For those of you who have successfully navigated Dry January without a slip up, your liver, heart and skin all thank you. Dry January is said to be an observance gaining in popularity during the last few years — sort of a “mini New Year’s resolution” to some.
According to Forbes, the pledge to avoid drinking alcohol during the month of January was first launched in the United Kingdom by the group Alcohol Change UK in 2013. Says Alcohol Change, about 4,000 people participated during that first year. By 2021, the number had climbed to 130,000. No one seems quite clear how Dry January became an international event.
Not to be lost in this conversation is the fact that alcoholism is a medical disorder afflicting millions of people the world over.
As reported by World Population Review, Americans consume an average of 8.7 liters of pure alcohol per capita annually. Though the U.S. ranks 7th on its list of countries with the highest rates of alcoholism, it is 38th on the list of countries with the highest alcohol consumption by population.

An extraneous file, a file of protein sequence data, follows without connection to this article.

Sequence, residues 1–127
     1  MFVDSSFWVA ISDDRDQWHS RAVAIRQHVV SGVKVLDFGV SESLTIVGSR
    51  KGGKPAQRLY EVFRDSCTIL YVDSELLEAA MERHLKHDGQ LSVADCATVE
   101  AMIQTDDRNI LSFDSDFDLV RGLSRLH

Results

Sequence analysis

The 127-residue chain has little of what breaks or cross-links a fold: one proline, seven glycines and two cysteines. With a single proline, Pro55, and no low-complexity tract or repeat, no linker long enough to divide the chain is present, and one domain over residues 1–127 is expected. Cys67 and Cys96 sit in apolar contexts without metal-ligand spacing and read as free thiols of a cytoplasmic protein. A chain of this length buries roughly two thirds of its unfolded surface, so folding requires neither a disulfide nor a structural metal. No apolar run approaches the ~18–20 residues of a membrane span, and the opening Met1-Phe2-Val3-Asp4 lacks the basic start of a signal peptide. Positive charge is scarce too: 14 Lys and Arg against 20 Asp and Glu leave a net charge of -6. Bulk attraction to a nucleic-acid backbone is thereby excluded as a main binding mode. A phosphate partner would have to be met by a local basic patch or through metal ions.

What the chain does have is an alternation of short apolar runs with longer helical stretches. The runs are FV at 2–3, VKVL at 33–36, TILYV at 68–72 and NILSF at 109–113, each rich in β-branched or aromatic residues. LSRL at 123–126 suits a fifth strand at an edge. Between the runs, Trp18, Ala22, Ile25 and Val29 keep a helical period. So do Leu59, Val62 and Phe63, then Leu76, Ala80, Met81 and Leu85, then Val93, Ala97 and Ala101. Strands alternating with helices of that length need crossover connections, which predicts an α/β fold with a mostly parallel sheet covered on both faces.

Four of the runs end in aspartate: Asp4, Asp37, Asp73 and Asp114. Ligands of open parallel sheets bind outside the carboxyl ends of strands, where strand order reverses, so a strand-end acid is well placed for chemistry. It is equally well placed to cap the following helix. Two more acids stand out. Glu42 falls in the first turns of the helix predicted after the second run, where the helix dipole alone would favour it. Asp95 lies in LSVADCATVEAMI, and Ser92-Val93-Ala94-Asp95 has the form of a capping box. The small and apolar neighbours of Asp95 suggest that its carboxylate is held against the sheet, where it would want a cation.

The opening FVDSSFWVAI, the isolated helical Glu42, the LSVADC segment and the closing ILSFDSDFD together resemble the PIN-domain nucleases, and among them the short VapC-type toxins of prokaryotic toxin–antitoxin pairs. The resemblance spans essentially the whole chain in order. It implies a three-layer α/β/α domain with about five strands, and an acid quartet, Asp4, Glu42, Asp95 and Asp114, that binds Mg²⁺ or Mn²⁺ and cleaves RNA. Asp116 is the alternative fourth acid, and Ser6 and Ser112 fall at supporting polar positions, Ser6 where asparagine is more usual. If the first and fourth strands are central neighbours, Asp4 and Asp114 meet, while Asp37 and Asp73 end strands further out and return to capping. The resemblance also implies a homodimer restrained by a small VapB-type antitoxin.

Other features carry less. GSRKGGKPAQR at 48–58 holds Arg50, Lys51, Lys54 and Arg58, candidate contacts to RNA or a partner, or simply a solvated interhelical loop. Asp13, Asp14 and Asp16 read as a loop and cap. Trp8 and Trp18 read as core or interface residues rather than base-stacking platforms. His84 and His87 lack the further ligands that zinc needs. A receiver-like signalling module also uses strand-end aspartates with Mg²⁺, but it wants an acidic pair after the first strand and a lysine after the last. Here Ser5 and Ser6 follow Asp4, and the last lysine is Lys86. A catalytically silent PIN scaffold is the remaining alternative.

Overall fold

Says Forbes, last year, “a survey from food and beverage research firm CGA found that 35% of adults of drinking age in the United States avoided alcohol for the whole month in January 2022, up from only 21% the year before.” The hope is that people will benefit from the experience.
“Even if you only do a Dry January to take a break after the holidays or to reset in the new year, a month off of drinking can really shift your perspective and your understanding of your relationship with alcohol,” notes the Cleveland Clinic.
Wrapped within this seemingly positive trend is one greatly concerning fact. According to the results of a recent survey of those participating in Dry January by CivicScience, while more than a third (33%) said they were not using anything as a substitute for alcohol during the month, an estimated “60% said they were using either cannabis/CBD products,” or a nonalcoholic beverage as alternatives. “By age group, respondents aged 21 through 24 were the most likely to substitute cannabis for alcohol during Dry January, with 34% saying weed is their preferred option,” reports Forbes. The past year also saw several new iterations of cannabis-infused drinks as alternatives to alcohol. So much for the concept of significant boosts in energy and clarity of thinking one month of this sobriety experiment is said to provide.